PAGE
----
Gyokuro Brewed In the Mei Leaf Method

I recall watching a YouTube video of Mei Leaf brewing Gyokuro in a unique way. I recently saw where two of my IG tea friends (@Nuev_Order and @Madhatterteadrunk) tried Gyokuro using this method and they both inspired me to try it as well. With my recent Mei Leaf order, I added a sample of their Oku Hikari Gyokuro just for this purpose.

You can read more about the method here. But the general idea is to use room temperature water and to brew it for 14! minutes. The purpose of this is to maximize the umami flavor and the L-Theanine extraction.

I was going to use my Kyusu for this session, but unfortunately I was clumsy and the lid fell and shattered to pieces on the floor. Let’s have a moment of silence for my kyusu.

So I decided to forge ahead and use my gaiwan instead. I set out some water this morning before I left for work so it had a good 12 hours of sitting out to become room temperature.

I warmed the gaiwan, put the dry leaves in there and poured the room temperature water on it and set the timer.

I have read other people describing the texture of this tea like a broth. And I’ll be darned if it isn’t just like a soup broth. I’ve never seen a tea this thick before, that’s for sure.

Wow this tea really packs a punch! I can say with certainty now that I know what umami tastes like, and it’s this tea. It has a very strong savory taste that reminds me of bread crumbs and vegetable oil. The texture is incredibly thick, the tea is bright and zesty and has a sea air taste to it as well. I wrote in my notes that is like a Japanese green tea but magnified. I struggle with how to describe these Japanese greens but they have a very distinct flavor profile to them.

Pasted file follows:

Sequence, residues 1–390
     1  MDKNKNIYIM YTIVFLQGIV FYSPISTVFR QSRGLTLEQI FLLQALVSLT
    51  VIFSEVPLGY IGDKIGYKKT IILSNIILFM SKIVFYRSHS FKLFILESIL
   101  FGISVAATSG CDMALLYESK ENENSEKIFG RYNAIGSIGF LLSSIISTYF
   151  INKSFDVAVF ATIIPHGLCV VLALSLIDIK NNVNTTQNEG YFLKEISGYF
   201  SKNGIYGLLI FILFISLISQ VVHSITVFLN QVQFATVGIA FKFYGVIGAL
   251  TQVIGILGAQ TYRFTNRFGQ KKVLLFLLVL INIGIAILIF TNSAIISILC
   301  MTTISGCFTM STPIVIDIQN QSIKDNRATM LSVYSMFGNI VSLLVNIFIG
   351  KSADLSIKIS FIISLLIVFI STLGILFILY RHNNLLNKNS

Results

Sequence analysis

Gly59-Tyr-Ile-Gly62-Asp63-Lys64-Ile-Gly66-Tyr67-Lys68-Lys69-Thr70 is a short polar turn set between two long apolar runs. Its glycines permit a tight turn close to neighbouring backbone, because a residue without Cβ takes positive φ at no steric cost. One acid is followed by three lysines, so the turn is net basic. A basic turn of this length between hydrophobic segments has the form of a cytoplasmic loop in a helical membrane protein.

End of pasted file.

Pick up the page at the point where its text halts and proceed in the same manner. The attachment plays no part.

For the second infusion, you use water that is 120 F for 2:30. This steep had a slight hint of bitterness that quickly faded. It also had the bright and zesty flavor with sea air but it wasn’t nearly as strong as the first one.

The third infusion was much like the second but it started to show that characteristic sweetness of the later steeps of Japanese green teas.

I had to call it at three infusions because the body sensation of this tea is incredibly strong. I think it is the combination of the caffeine and the Theanine, but it is just an intense feeling of energy but not raw energy, it is also calming and focused. It’s similar to being tea drunk, but the feeling came on strong and very fast with this tea. I am not caffeine sensitive at all, even to the point that I can drink coffee and go to sleep. So I can imagine this will hit most people even harder than it did me. Be warned!

Spent leaves after three

I will be cold brewing these leaves overnight to drink in the morning for sure.

The price on this tea is $38.07 for 50 grams, or $4.77 for a 5 gram taster. If you get the packet, that is 10 sessions in a pack so $3.81 per session. Say 4 infusions per session is $.95 per cup. Yes, that is expensive, but there is nothing like Gyokuro brewed for 14 minutes. It’s intense. If you want to try it once, get a taster for under $5. Gyokuro is an expensive tea naturally, so if you like it, this is probably a good one to keep around.

This tea was more than a session, it was an experience. I was blown away by the strength of it brewed this way. I highly recommend trying it but don’t do it too close to bedtime. Cheers!


3 thoughts on “Gyokuro Brewed In the Mei Leaf Method

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